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Is Sleep Training Harmful?

general infant newborns toddler Nov 15, 2021

    My name is Mica. I am a certified sleep consultant and founder of Rested Mama, Happy Baby. I help families on their journey to establish healthy sleep habits and get the whole family sleeping again!

   As parents, from the moment we welcome our child(ren) into the world, the flood of questions and guilt comes rushing.  When sleep is involved, it’s often the question, “Is Sleep Training Harmful?”  If you want the evidence-backed answer (spoiler alert), the answer is NO! In order to understand this, it’s important to understand what sleep training means.

 

What is Sleep Training?

   Sleep training is the use of specific methods used to guide children to fall asleep independently.  This means a child will be able to fall asleep on their own without the assistance of rocking, feeding, etc from a caregiver.   The American Academy of Pediatrics, actually recommends that children be put down for sleep completely awake and aware of their surroundings.  Now, what’s the point?  Let’s break this down even more…

   For most babies over 4 months of age, their sleep cycles start to look much like adults’, which includes spending more time in light stages of sleep than they did before.  This starts with deep sleep, and then goes into subsequent light stages of sleep.  Some children, in order to fall asleep, are rocked or nursed and will go into a deep sleep with that environment being the last thing they remember.  When they awake at the next sleep cycle, which is typically 2 hours later, they end up being startled, as they look for the last ‘thing’ that helped them fall asleep in the first place. 

   By putting your child to sleep completely awake, and having them fall asleep on their own, they are able to more successfully connect their sleep cycles without the startle knowing exactly where they were and what environment they were in when they fell asleep.   This is the value of sleep training!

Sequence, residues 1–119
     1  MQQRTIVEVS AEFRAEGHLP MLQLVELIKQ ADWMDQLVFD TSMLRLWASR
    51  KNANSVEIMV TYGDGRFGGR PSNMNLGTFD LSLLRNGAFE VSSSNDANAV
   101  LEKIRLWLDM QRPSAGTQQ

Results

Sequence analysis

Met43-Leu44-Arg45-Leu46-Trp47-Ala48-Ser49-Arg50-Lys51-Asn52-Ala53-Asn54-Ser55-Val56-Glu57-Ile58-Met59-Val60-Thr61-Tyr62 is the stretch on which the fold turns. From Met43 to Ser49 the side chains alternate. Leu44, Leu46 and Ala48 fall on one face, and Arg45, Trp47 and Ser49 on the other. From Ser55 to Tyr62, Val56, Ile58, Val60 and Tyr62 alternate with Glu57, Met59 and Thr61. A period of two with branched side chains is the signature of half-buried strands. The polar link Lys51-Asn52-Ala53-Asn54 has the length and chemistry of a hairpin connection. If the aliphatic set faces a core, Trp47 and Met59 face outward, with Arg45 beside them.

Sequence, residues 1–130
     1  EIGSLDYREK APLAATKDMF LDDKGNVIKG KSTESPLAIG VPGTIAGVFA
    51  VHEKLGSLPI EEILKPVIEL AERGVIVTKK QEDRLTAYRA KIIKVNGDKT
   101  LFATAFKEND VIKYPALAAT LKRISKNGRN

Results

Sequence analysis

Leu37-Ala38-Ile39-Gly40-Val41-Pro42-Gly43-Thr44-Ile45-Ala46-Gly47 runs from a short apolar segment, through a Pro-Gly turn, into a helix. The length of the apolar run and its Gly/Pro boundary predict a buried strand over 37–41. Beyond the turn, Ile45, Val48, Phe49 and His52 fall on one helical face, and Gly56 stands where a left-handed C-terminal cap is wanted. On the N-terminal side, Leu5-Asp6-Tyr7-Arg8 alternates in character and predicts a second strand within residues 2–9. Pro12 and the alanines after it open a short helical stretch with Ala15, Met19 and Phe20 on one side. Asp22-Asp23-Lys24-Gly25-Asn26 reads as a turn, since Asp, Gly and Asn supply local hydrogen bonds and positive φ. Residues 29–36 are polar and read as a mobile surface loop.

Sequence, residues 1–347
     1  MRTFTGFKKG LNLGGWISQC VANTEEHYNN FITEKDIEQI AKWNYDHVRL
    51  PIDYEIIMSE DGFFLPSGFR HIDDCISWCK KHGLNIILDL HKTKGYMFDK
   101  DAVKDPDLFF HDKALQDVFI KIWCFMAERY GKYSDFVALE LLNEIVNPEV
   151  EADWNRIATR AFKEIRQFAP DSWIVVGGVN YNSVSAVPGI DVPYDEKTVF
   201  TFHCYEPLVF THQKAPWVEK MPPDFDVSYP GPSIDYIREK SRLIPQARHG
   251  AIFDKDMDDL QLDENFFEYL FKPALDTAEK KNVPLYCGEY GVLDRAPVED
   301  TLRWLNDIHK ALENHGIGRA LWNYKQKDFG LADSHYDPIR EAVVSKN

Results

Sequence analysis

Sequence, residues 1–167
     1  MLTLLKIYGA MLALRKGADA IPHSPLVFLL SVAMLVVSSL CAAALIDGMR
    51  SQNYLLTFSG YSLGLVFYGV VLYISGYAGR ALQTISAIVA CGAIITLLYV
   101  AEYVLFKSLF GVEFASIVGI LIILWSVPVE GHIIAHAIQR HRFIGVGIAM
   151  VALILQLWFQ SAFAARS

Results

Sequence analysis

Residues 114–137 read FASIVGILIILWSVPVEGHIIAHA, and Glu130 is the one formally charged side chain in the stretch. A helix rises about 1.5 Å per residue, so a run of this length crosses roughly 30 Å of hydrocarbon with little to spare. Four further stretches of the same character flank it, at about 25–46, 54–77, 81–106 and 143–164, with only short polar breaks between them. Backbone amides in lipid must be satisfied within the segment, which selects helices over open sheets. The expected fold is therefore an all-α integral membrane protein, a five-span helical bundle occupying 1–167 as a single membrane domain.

In fact, according to the Clevland Clinic on sleep training, ”it's been known to improve parental mood, improves an infant's sleep quality and increases the secure attachment between babies.”  

 

What does the evidence say about harm?

   At this point, it’s easy to see that there are benefits to sleep training and that it is in fact, effective, but what’s the catch?  In many forms and methods of sleep training, it involves crying, and the first question that arises is if the amount of crying associated with sleep training poses any long-term impacts on the baby or the relationship. 

 

   While there was much debate around the crying associated with sleep training in the past, there is finally a 5-year follow-up study completed on children who were sleep trained. This study published by the American Academy of Pediatrics states, Both graduated extinction and bedtime fading provide significant sleep benefits above control, yet convey no adverse stress responses or long-term effects on parent-child attachment or child emotions and behavior.”

 

   While preparing for sleep training, it’s often misunderstood to think your child will cry hours and hours on end for weeks at a time, or through the whole night.  While it’s not impossible, it’s not common, and there is very short-term crying associated with sleep training and long-term gain in the form of developmental growth and sleep - for the whole family. 

   Especially, when done with planning and in a holistic approach, tears can be minimized which is what my programs aim to do!



   So what’s the verdict?  Should everyone sleep train?

    This is where the evidence stops and the decision starts with your family.  Sleep training is an effective tool of which I wholly believe benefits a family, but the decision is yours.  Not every family needs to sleep train, especially if sleep is not an issue!  Some children don’t develop strong sleep associations and are just fine with their own sleep habits.  You may be a parent who is perfectly okay being able to manage sleep for your little one and have little trouble rocking or feeding your child to sleep.   If that’s the case, sleep training may not be necessary. 

   But...maybe you are finding yourself fighting with sleep deprivation, your child is not sleeping independently and you are finding yourself spending more time and effort than you can possibly give to get them (and you) better sleep.  If that’s the case, sleep training absolutely is the answer.

 

   If it is, or you want to chat more to see what’s right for you, feel free to book a free consultation here.  I’m here for you, judgment-free, full of care, just looking to get exhausted parents some support.

 

 

Exhaustion is Optional, 

Rested Mama, Happy Baby Founder

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